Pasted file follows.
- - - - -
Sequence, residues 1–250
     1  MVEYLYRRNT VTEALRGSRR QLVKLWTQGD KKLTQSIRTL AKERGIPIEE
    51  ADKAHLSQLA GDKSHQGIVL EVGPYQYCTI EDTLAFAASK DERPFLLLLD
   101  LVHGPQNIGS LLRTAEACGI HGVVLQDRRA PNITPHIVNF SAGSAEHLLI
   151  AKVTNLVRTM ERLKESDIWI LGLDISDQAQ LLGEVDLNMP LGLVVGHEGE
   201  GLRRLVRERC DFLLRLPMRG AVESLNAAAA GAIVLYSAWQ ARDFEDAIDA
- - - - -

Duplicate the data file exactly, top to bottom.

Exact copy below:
Sequence, residues 1–250
     1  MVEYLYRRNT VTEALRGSRR QLVKLWTQGD KKLTQSIRTL AKERGIPIEE
    51  ADKAHLSQLA GDKSHQGIVL EVGPYQYCTI EDTLAFAASK DERPFLLLLD
   101  LVHGPQNIGS LLRTAEACGI HGVVLQDRRA PNITPHIVNF SAGSAEHLLI
   151  AKVTNLVRTM ERLKESDIWI LGLDISDQAQ LLGEVDLNMP LGLVVGHEGE
   201  GLRRLVRERC DFLLRLPMRG AVESLNAAAA GAIVLYSAWQ ARDFEDAIDA